It’s been both a rewarding and incredibly frustrating experience (more on the frustrations will be forthcoming as I do plan on an in-depth project post-mortem), but right now I need to ask this question….
Who on God’s great earth felt it was a good idea to make any software source format case sensitive?
I’ve thought about this a great deal in the last few weeks as my casing is sometimes lazy particular when I’m in the zone and really, when working in Delphi, I only look at it from a source code aesthetics perspective… if… big if thesedays, but… if someone else looked at this source code what would they think? Would it be “they couldn’t be arsed, look at the lazy formatting and casing” or “they spent the time to make it look nice and readable” (in my view the later is the mark of someone who has had the ‘pleasure’ of working on someone else’s code that was less than stellar. ‘myVariable’, ‘MYVARIABLE’, ‘MyVaRiAbLe’… it doesn’t matter, they all mean the same to the compiler and that’s brilliant, but it looks less than pleasing when you read it.
WHY??? IT’S JUST PLAIN WRONG!
First up, code obfuscation… lets talk about intended obfuscation first. It allows people to obfuscate code by having a plethora of variables of the same name with slightly different casing (I’ve worked for a place where a contractor did this… he used the same name in multiple places with slight case variation and it made maintenance of the code an absolute nightmare, especially for the uninitiated).
In English… aside from grammatical inferences that can be drawn from capitalisation.. brown = BROWN = BrOwN = bRoWn =… You get the picture… the number or position of capital letters has no bearing, except as mentioned, the grammatical inference we get from seeing ‘Brown’ where one might sensibly conclude it’s use is no longer that of an adjective but is instead a name.
Unintended obfuscation is in my view more a side effect of the fact that I can, if I choose, have two variables called loop…. loop and Loop. When perhaps a better choice of names would be itemLoop, propLoop for example.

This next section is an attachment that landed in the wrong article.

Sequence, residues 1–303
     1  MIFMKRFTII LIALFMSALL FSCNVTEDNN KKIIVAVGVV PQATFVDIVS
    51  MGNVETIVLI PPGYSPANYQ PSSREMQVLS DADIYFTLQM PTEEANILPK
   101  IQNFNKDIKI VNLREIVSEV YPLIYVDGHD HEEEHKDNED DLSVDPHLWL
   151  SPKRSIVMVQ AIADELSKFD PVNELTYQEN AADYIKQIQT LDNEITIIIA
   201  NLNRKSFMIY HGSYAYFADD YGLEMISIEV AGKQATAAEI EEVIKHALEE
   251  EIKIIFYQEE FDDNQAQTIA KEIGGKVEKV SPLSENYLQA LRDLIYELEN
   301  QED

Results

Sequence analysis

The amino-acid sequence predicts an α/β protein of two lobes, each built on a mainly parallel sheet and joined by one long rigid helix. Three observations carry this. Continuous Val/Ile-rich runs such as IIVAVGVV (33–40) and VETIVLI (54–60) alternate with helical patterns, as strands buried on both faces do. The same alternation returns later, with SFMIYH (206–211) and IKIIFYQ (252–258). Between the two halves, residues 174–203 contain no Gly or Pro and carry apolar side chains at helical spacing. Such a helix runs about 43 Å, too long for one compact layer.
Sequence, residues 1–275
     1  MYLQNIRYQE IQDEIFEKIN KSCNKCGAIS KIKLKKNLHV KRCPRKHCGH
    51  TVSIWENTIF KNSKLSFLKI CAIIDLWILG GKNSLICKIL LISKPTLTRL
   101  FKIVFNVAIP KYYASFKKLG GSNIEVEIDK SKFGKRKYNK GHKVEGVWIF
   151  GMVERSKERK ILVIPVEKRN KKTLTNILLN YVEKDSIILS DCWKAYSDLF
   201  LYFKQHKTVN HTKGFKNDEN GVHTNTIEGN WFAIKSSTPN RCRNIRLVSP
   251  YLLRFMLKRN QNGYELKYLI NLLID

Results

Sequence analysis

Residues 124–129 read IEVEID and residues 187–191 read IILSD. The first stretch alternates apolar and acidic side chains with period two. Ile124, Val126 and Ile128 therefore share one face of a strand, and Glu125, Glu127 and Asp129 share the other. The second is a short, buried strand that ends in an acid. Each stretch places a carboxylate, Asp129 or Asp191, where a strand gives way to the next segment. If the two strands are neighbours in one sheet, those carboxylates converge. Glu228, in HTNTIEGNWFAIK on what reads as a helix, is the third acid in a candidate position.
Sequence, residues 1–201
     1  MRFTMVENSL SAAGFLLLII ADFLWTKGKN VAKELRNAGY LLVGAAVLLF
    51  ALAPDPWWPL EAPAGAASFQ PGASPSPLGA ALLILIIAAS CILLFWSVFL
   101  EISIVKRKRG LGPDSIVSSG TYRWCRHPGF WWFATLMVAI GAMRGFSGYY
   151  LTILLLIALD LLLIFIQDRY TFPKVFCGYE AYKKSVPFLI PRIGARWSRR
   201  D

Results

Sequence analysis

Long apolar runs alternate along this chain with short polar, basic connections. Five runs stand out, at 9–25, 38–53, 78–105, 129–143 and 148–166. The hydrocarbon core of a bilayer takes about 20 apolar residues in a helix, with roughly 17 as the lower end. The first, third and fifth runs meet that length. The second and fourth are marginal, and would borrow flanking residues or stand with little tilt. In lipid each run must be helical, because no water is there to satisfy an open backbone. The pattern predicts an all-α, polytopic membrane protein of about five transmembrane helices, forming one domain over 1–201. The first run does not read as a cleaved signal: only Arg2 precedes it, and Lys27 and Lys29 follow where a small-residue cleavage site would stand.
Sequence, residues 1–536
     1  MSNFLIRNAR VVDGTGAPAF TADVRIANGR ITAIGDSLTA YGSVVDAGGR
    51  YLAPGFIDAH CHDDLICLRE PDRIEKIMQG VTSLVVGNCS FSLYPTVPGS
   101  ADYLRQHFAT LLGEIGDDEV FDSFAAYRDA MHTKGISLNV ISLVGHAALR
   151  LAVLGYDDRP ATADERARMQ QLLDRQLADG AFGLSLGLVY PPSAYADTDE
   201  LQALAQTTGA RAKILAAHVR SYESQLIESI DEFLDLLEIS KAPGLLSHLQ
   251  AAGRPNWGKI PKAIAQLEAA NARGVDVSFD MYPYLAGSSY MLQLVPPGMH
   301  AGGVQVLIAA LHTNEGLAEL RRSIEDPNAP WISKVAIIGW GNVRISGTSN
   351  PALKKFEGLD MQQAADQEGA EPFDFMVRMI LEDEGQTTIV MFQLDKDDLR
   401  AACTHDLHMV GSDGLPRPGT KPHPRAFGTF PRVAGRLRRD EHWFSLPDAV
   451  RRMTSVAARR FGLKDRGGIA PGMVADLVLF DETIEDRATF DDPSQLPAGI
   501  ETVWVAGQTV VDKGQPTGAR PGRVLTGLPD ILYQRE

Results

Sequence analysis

Remove case sensitivity and suddenly you force developers to provide meaningful variation in their naming, which in my opinion, will result in more meaningful code. Not just for the next poor sod who has to work on your code but for you when in 10+ years you dig up an old project for posterity (which happened to me when I resurrected The Outer Reaches – The Second Beginning and I realised just how poor the code quality was). Yes, you could have loop1 and loop2 but in my opinion this is a sign of one of two things… the aforementioned lack of experience in maintaining existing projects or the indication that someone just doesn’t give a dam and if they were plastering your house they would leave it with a surface finish akin to that of the moon.
This has cost me many hours of screwing around, particularly as (unless I’ve made a fundamental mistake in my VS code setup, which is entirely possible given my Typescript noobie ranking) I can’t stick a breakpoint in a Typescript application running on Node.js (not using ts-node) in any file other than my main script (big pain in the ass – if anyone may be able to explain why and help me fix it, hit me up). The main culprit… ‘cannot read property X of undefined’… usually because I’ve got the casing wrong.
And on that note… back to being careful with my casing. Enjoy and stay safe in this weird world 🙂